People are, clearly, desperate to change by whatever means they find available.
The dictionary defines transcendence as "existence or experience beyond the normal or physical level." For all human beings, self-transcendence is a constant and profound spiritual need. We only learn about the world, about things, by reaching out with our senses. But contrary to widespread assumptions in our culture, sensory experience alone will never satisfy beings constituted as we are, who seek truth, beauty, love. We reach out to other people and grow inestimably in the process. The richest part of our human growth comes from this kind of reaching out to others, and ultimately to God.
Millions of people, however, are constantly engaged in trying various inauthentic ways to transcend their everyday circumstances. Whether by using a bit of the hundreds of tons of illegal drugs being brought into the country year after tear, or similarly huge amounts also being manufactured here, or by abusing alcohol. (There is a whole underworld of drug addiction and drunkenness inhabited by broken individuals and destroyed families, which never really gets adequate recognition.) And we forget that this same desire for escape often lies behind more familiar, seemingly harmless things like listening to deafening music, driving too fast, or other adrenalin-producing diversions.
People are, clearly, desperate to change by whatever means they find available. They do it to escape, to briefly find an outlet for their self-loathing or their rage. And we haven't even mentioned the whole "better-sex" industry.
They want to transcend their situations, but — and here lies the main problem — they want to do it on their own terms. The terms they choose are almost always material ones — this drug, that sexual technique, being possessed by some new material possession, or some new definition of fun. The spiritual side of life and its innate order, the real remedy, is ignored, when it's not outright denied. People want to hand over their consciousness — the distinctive quality and pinnacle of their humanity — to a bottle or a drug or some sexual weirdness or consumerist fantasy in the hope that they can shed their responsibility as conscious individuals, if only for a few moments. It is much like repeatedly hitting oneself over the head in the hope of being unconscious for a while.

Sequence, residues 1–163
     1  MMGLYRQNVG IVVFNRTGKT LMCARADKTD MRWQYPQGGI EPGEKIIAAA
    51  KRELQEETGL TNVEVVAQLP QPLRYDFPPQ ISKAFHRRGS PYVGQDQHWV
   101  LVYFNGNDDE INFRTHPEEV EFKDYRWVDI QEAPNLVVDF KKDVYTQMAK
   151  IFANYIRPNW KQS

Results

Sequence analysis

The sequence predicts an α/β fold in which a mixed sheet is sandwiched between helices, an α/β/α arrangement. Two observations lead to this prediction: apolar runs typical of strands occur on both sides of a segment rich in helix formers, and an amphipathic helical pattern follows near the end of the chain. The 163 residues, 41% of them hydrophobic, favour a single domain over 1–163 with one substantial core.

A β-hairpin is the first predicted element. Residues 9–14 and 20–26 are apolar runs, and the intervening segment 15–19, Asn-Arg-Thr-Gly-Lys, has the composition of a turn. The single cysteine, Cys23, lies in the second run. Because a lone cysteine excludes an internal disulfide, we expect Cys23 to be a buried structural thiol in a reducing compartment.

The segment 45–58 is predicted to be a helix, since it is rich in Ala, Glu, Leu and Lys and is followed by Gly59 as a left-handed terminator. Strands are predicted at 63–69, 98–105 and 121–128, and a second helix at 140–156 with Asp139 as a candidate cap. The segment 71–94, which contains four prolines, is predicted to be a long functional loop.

Of course, the Church has an authentic and satisfying way to real self-transcendence. That is why it is here and it doesn't take much seeking to find it — or at least the beginnings of that perennial way. The Christian idea of transcendence is based on what we know about God and human beings from divine revelation.
The Church knows that true self-transcendence is found, not in a drug, or in using someone, but in the fact is that "God is love, and he who abides in love abides in God, and God abides in him."(I John 4:16) Sorry, but abiding in love is precisely not transcendence on our own terms. It has in its favor, however, that it is the kind of transcendence that fits with our natures as intersubjective creatures and with our growth as human beings. The Church's option is not the materialist one, but it is the most real way for us to transcend ourselves.
"Being Christian is not the result of an ethical choice or a lofty idea, but the encounter with an event, [meeting God as a loving] person, which gives life a new horizon and a decisive direction."
To the "we've already heard all that Christian stuff, so let's move on" crowd, I can only say: learning to love is a lifetime project and it is a different lifetime project in each relationship that we build and at each stage of each relationship. Loving involves slowly learning the good of the other person, not what I imagine is the good for this person, but what God has in store for him/her — and then participating in helping that good to come about in someone's life. This is the only method of social interrelationship that humanely works.
And it's something quite other, worth serious consideration, in a culture that blithely goes along, trailing behind it a broad swath of suffering and death caused by the chaotic pursuit of artificial paradises.
Benedict XVI began his encyclical Deus caritas est with God's love for us, saying: "Being Christian is not the result of an ethical choice or a lofty idea, but the encounter with an event, [meeting God as a loving] person, which gives life a new horizon and a decisive direction." Our learning to love comes from God who loved us first. He adds: "Since God has first loved us (cf. 1 John 4:10), love is now no longer a mere 'command'; it is the response to the gift of love with which God draws near to us."
We learn how to love people through God's selflessness, generosity, and concern for our good. True self-transcendence is consequently selfless, generous, and seeking the good of the other. This is positive self-transcendence, the kind that God showed in sending Christ into the world, and its only collateral effect is to enrich the lives of everyone it touches.
Father Bevil Bramwell, OMI. "Looking for Transcendence in All the Wrong Places." The Catholic Thing (October 11, 2015).
Reprinted with permission from The Catholic Thing. All rights reserved. For reprint rights, write to: email@example.com.
Father Bevil Bramwell, OMI, is the Undergraduate Dean, resident theologian, and instructor for Catholic Distance University. His books are: Laity: Beautiful, Good and True, The World of the Sacraments, and Catholics Read the Scriptures: Commentary on Benedict XVI’s Verbum Domini.Copyright © 2015 The Catholic Thing
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